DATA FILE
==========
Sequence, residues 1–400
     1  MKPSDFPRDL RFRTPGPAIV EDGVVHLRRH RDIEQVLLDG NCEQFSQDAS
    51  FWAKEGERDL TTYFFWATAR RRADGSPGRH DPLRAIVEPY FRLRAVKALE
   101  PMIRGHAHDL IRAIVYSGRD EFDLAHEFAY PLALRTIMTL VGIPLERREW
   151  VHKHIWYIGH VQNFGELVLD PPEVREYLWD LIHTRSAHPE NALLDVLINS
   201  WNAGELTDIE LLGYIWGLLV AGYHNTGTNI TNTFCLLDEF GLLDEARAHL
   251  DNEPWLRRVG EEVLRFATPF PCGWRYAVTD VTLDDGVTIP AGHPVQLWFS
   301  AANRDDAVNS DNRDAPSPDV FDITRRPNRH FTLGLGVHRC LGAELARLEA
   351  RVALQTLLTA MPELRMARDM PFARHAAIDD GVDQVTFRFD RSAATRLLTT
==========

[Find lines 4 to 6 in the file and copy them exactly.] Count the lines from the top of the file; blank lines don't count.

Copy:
   101  PMIRGHAHDL IRAIVYSGRD EFDLAHEFAY PLALRTIMTL VGIPLERREW
   151  VHKHIWYIGH VQNFGELVLD PPEVREYLWD LIHTRSAHPE NALLDVLINS
   201  WNAGELTDIE LLGYIWGLLV AGYHNTGTNI TNTFCLLDEF GLLDEARAHL